Citizen science data has a race problem

By Barb Kuensting. Mentored and edited by Ariana Remmel.

What we know about our natural world is likely influenced by racial biases, says North Carolina State Ph.D. student Deja Perkins.

Citizen science projects that allow anyone to submit observations of the natural world with mobile apps have gained prominence in recent years. This gives scientists unprecedented access to global datasets that provide new insights into ecosystem interactions. But these projects may hide unexamined racial biases, Perkins said.

Community science fails to portray an accurate view of the ecosystems of non-white spaces because white people are contributing an outsized portion of observations to public datasets, she said said during a presentation at the annual meeting of the American Association for the Advancement of Science on 18 February 2022.

To investigate, Perkins analyzed observations reported to three large-scale citizen science projects called eBird, iNaturalist, and CoCoRaHS. Mobile apps for these projects allow volunteers to record data regarding birds, wildlife, and precipitation, respectively. She then measured the number of contributors from varying demographics and locale of observations in each.

Perkins found that the number of locations in which non-white citizen scientists were observing birds with eBird were far smaller than compared to white people, and the density of birds observed in a given area averaged at zero in majority non-white communities.

When controlling for income levels, regions with predominantly white residents consistently contributed more observations than non-white communities. This was especially noticeable in low-income regions where the number of observations by white contributors was 43% higher than in comparable areas with almost double the number of non-white contributors.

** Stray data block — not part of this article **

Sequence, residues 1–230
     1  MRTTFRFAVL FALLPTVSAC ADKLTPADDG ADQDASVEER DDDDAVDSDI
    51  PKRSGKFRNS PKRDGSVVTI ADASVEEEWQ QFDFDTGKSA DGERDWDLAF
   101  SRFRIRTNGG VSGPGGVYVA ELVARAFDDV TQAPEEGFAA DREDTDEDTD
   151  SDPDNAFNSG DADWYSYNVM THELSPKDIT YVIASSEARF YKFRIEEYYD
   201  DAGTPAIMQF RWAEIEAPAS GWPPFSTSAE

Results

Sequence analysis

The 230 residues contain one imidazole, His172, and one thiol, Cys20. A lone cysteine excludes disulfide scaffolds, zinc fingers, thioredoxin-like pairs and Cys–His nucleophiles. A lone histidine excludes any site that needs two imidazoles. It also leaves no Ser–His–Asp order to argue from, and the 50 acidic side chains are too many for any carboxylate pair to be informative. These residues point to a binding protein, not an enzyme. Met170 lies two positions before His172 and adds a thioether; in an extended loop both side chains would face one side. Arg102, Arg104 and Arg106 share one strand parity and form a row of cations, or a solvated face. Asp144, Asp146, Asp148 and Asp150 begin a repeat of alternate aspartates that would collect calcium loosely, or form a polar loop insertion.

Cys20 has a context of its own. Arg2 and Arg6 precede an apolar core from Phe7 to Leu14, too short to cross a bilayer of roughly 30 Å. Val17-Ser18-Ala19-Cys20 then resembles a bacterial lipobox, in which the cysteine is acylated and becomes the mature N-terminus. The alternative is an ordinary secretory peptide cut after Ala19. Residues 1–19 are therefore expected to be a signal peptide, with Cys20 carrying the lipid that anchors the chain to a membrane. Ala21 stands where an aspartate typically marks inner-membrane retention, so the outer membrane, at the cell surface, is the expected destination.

Perkins found similar data discrepancies in iNaturalist and CoCoRaHS. Across all three apps, the participation gap was significantly higher in urban settings compared to non-urban settings.

"Volunteer data have race-based bias with overrepresentation of wealthy, white spaces and underrepresentation of non-white and non-wealthy spaces,” Perkins said. “It really skews the picture of what we know about the landscape and where we think we should apply management and where we might implement policy decisions,” she said.

Chris Hawn, an ecologist researching environmental justice at the University of Maryland, presented similar findings to Perkins when studying the nonprofit Falling Fruit – a campaign to build a global fruit tree database to educate low-income communities of free food available.

“We are not having the big impact that we want because we’re really only able to reach white audiences,” Hawn said.

Research presented by anthropologist Valerie Johnson at Shaw University in the same session suggests that the language used to describe this type of data collection could influence inclusion and diversity in community science spaces.

“We found that among all the groups that participated in [our] study, ‘citizen science’ was considered neutral across all the groups,” Johnson said. Among non-white and non-citizen groups in the United States, the terms ‘participatory science’ and ‘community science’ were favored. The study suggests that community members should be involved in the decision for which term to use, which could help to lower barriers to participation.

Perkins ended the session with a call to action. “Approach citizen science research with an environmental justice lens, recognizing that some people are more severely and immediately impacted by environmental degradation than others,” she said.

Barb Kuensting is a senior at the University of Missouri - Columbia studying documentary journalism and biology. She is interested in topics relating to environmental justice, birds and climate change. Email her at barbkuensting@gmail.com or check out her work at https://www.barbkuensting.com.

Photo: Citizen science projects like eBird allow people to log observations of bird species to global datasets, such as this Red-bellied woodpecker and Tufted titmouse. Credit: Barb Kuensting

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